The Code Project License is an example of a custom license that has a confusing grant of rights and requires one to notify the copyright holder before redistributing. In the code comments, the author of Quirksmode says they don’t believe in copyrights but goes on to describe a bunch of obligations and restrictions that come with the code.
Another example of creative license language is the imgui_lua_bindings project, which includes the following text in its license:
“I don’t feel like writing a license so here’s it in laymans terms…
You can use this code for whatever just don’t redistribute the exact same source code and try to sell it, or claim that the source code was made by you. You can compile this source code and sell it. You can change this source code and sell the modified version. You can include this source code in whatever open source project (let me know please!). You can include it in whatever closed source project.
Just be chill and if you make a billion dollars send me an email or something.”
It’s not unusual for a codebase to contain content from third-party commercial software companies. Audits frequently find copyrights from Adobe, Microsoft, Oracle, and others. As part of software due diligence, it’s well worth an acquirer’s time to check whether proper licenses are in place and have been disclosed. Assuming licensing is proper, lawyers will still want to ensure that a change of control won’t introduce any issues going forward.
Increasingly, companies are using a clever business model implemented through dual licensing. The idea is to make software available to developers under an open source license that contains obligations that make it difficult to utilize for commercial purposes.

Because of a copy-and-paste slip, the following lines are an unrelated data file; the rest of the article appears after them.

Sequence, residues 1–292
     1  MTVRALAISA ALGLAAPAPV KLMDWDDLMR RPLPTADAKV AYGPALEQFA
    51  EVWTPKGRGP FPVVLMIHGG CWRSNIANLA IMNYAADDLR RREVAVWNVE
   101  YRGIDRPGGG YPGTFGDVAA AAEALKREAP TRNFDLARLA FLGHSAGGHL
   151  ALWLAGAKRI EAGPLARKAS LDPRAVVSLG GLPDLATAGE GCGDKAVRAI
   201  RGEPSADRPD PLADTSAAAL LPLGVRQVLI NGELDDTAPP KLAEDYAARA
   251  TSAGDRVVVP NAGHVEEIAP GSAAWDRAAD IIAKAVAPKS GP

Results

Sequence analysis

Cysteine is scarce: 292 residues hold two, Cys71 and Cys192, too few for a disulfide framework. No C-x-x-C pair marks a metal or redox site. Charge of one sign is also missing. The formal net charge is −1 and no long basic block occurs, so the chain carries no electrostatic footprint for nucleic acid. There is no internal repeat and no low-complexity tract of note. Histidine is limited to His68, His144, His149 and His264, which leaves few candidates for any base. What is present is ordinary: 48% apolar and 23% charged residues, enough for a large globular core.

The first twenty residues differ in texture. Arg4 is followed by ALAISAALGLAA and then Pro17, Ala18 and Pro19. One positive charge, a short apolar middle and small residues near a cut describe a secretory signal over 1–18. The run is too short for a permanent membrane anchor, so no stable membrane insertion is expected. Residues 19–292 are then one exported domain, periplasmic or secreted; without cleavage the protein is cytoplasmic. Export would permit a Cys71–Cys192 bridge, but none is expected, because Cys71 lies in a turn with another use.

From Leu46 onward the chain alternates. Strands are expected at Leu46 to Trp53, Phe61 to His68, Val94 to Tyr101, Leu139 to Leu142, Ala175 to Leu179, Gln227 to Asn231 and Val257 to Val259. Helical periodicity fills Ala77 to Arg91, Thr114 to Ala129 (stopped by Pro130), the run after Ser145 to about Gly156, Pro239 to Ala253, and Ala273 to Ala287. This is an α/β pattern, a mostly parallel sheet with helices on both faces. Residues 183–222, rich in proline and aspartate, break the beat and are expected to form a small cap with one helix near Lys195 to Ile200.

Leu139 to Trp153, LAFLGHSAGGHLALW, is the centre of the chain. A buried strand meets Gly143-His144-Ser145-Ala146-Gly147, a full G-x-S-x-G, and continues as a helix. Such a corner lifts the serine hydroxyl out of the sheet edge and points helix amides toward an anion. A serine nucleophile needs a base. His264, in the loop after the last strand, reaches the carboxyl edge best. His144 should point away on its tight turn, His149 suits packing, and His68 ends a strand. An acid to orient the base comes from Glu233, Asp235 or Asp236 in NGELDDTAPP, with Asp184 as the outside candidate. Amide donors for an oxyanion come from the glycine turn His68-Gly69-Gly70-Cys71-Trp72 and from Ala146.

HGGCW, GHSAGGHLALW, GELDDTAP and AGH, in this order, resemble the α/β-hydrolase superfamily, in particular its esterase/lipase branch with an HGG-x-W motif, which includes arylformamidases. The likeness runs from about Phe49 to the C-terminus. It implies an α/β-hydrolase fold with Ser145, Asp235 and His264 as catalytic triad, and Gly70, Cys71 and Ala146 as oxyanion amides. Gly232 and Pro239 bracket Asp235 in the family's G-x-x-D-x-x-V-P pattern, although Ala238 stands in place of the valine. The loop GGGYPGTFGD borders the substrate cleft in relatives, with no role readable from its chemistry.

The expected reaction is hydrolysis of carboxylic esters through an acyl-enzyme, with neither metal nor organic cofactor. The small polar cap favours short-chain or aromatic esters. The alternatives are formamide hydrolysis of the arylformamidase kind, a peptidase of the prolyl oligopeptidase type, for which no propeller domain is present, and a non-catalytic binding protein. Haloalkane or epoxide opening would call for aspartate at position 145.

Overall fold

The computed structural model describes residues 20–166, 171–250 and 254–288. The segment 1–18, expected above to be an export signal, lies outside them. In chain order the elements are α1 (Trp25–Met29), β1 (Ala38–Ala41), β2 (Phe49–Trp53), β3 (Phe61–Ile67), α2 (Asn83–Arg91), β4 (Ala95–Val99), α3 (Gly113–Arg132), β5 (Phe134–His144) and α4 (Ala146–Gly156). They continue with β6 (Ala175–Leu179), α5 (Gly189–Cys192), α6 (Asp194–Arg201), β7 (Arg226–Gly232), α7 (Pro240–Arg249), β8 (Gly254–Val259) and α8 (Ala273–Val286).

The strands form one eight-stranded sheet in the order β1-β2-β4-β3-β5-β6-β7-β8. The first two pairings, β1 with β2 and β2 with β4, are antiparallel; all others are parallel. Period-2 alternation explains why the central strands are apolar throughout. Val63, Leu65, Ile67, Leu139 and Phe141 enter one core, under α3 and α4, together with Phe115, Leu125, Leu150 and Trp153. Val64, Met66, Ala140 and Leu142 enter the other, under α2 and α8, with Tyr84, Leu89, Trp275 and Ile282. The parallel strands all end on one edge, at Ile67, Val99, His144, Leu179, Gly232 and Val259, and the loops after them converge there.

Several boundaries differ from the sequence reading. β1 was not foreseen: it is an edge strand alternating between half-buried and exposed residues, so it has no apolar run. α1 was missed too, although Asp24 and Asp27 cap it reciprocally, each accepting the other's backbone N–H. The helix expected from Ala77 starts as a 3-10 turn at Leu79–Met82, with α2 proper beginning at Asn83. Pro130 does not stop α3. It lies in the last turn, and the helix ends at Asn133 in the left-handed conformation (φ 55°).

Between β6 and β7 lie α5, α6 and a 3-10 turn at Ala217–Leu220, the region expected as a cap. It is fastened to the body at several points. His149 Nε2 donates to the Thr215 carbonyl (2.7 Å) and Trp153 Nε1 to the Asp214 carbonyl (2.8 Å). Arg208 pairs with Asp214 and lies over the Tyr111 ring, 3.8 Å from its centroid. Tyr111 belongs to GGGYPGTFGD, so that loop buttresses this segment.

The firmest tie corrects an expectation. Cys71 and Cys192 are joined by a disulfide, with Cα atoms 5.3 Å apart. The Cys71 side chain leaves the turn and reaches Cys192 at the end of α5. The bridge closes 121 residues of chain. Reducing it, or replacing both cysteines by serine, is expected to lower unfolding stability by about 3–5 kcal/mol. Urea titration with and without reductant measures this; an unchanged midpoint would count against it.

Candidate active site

The AGPL license often turns up in this context; most companies can’t use AGPL-licensed code in their products. (There are also other licenses that more explicitly exclude commercial use without a commercial license.) If developers use code licensed under AGPL, their companies need to enter into a commercial license with the vendor for the same code.
When an audit uncovers dual-licensed software, we highlight it as such so the acquirer can ensure the target is properly licensed. Part of the business model of companies using a dual-license scheme is to go after users of the open source version—sometimes in court, as with the Artifex Hancom case, so these situations are well worth some diligence.
Getting a complete picture of whether code is properly licensed requires an accurate and complete Bill of Materials, as well as analysis of possible conflicts between the intended use and open source licenses included. And there are other license issues that go beyond standard open source, which require a deeper dive and more legal scrutiny. It’s important that an audit as part of software due diligence shine a light on such licenses, so a knowledgeable IP attorney can evaluate the risk in their client’s particular situation.
Phil is the general manager of Synopsys’s Black Duck Audit business auditing the composition, security and quality of software for companies on both sides of M&A transactions. He focuses on software due diligence best practices and the M&A market. He also works closely with the company’s law firm partners and the open source community and is a frequent speaker on open source management and M&A. Phil chairs the Linux Foundation's Software Package Data Exchange (SPDX) working group which created an ISO standard for Software Bills of Materials (SBOMs). With decades of software industry experience, Phil held senior management positions at Hammer/Empirix and High Performance Systems, a startup in computer simulation modeling. He began his career in marketing and sales with Teradyne's electronic design and test automation (EDA) software group. He’s also written a book on fly fishing. Phil has an AB and an MS in engineering from Dartmouth College.